allo and casuarina indicating the relationship with the genus casuarina
Casuarina comes from the resemblance of the drooping branches to the feathers of the Cassowary bird.
Well known for the sound of the wind blowing through it’s branchlets.
In late spring it’s covered with the tiniest red flowers so it looks like a red haze.
Drooping she-oaks have drooping branches and branchlets that are a bit like really long pine needles. Plants grow fairly quickly once established but look a bit sparse when young. Plants are either male or female, with the female plant bearing spiky cones.
It is a round-headed, small to medium sized tree that grows in a variety of sites. It’s tolerant of sandy, dry soils and coastal salt spray. Although known as a coastal plant, it also grows successfully on the heavy, cracking clays near Bacchus Marsh.
The species used to be known as Casuarina stricta. There’s extensive plantings of another species native to NSW and QLD that look similar but have much smaller cones on the female plant.
In earlier times, a she-oak woodland grew from the western side of the Maribyrnong, from present-day Braybrook to Yarraville, and down to Williamstown. The predominant she-oak was the drooping she-oak, while there was a smaller number of black she-oak. The she-oak woodland was quickly cut down as they made great firewood, leaving us with no she-oak woodlands in the western region of Melbourne.
There were also clumps of she-oaks across the western plains. A story was told of a group that set off from Preston to join the gold rush. “We camped the first night on Keilor Plains in a clump of she-oak trees. There were many of these about the plains but they have been cut down by bullock drivers for their cattle when the feed was scarce. It is a pity, for it has left the plains so bare.”1
The drooping she-oak is an excellent shade tree and windbreak but allows soft breezes to penetrate. A mature tree can be over 5 metres tall and almost as wide.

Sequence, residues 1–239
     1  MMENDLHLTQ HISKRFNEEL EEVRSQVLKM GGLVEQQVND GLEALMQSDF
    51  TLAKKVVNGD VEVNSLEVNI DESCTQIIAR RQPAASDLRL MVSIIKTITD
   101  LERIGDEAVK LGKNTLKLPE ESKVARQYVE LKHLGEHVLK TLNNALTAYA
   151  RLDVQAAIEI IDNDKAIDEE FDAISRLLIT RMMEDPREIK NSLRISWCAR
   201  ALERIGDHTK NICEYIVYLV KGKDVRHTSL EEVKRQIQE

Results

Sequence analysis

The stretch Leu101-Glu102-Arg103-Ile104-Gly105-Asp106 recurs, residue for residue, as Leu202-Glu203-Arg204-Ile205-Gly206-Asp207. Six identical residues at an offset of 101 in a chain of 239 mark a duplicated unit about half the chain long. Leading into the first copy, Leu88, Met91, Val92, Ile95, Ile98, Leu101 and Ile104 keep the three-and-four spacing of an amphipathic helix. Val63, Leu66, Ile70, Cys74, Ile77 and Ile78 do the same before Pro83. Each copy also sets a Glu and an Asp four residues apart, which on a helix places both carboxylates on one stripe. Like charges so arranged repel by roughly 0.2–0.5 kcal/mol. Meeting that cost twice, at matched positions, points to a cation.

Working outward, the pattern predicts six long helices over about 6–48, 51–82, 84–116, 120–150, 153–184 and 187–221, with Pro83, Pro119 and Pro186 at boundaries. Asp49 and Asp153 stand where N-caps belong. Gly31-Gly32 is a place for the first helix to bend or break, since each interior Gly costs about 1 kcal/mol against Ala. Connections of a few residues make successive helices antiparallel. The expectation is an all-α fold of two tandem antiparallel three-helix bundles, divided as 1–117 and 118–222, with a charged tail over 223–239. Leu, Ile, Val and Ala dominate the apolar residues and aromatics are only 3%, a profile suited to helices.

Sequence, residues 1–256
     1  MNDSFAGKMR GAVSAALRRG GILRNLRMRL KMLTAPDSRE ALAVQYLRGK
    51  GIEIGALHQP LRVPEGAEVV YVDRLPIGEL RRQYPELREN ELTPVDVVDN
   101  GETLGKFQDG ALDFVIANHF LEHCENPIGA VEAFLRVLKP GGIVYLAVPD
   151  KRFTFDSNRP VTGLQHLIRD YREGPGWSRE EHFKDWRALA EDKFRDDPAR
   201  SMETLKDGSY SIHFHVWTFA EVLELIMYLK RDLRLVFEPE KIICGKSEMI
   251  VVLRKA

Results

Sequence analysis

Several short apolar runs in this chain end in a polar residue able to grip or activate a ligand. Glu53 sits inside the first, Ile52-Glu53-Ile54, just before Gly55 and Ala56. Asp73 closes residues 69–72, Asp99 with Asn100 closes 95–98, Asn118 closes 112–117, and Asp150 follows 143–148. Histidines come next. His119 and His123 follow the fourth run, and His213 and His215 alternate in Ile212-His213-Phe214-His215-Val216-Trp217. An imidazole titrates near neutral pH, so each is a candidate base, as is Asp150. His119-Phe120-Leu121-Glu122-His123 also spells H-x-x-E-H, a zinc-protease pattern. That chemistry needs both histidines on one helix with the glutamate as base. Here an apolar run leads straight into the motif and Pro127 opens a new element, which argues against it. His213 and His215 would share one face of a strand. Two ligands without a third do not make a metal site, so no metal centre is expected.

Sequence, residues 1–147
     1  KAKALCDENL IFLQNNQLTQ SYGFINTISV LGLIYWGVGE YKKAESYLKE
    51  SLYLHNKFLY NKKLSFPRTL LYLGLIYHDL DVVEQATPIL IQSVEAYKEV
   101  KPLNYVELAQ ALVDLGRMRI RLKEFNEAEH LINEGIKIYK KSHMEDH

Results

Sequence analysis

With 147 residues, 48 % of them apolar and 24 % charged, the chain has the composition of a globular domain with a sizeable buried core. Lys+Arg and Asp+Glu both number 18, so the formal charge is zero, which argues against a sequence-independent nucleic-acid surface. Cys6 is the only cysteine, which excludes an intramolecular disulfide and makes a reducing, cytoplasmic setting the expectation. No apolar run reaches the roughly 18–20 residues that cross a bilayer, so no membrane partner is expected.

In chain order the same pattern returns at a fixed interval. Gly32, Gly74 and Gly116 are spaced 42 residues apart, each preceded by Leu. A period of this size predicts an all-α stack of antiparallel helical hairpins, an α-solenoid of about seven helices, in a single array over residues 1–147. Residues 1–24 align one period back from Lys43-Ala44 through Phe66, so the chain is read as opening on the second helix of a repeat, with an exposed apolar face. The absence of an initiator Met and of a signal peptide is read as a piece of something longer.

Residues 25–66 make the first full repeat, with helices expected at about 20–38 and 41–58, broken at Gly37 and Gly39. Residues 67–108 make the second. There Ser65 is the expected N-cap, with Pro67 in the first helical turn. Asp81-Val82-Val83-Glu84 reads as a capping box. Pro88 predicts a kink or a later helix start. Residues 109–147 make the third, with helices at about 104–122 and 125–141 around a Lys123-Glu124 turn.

She-oaks fixes nitrogen from the air via nodules on the roots to fertilise soil. The tree is self-mulching and suppresses weeds. You can grow other plants underneath if you rake up the needles and use them elsewhere for mulch. The she-oak needles form a mat that can’t be penetrated by the hard working black bird.
Don’t use a stake because they weaken Australian plants. Instead grab some rocks and put them against the trunk to hold it down and that will help stop it being blown out of the ground with a strong wind. The rocks mean all the wind in the world will not make any difference and will hold the root ball in the ground. Then once it’s planted add water.
And add some blood and bone, and that’s about it.
Contact Friends of Stony Creek for more information. They also have a small stock of drooping she-oaks available in forestry tubes for $1.50 (small) and $4.00 (large).
Contact: 9332 3889 (After hours only)
Contact Name: Mr Steve Wilson
On-going Volunteering Opportunities:
1. Planting, weeding and cleaning-up of indigenous plants along the Stony Creek
2. Water monitoring
3. Assisting with school activities
4. Assisting with storm water and planning issues
5. Involvement with the NEIP Plan and process, and coordinating with local planning authorities and community groups
About the Organisation: The Friends of Stony Creek conduct plantings, clean-ups, weeding, tours and talks. We issue and distribute a newsletter and a planting calendar, and support other ‘friends’ groups and community groups. We aim to raise the profile of the Creek for the purpose of recreation and education. We influence local councils, Melbourne Water, Parks Victoria, and industry to appreciate the importance of our Creek.
- The Loddon Aborigines by Edgar Morrison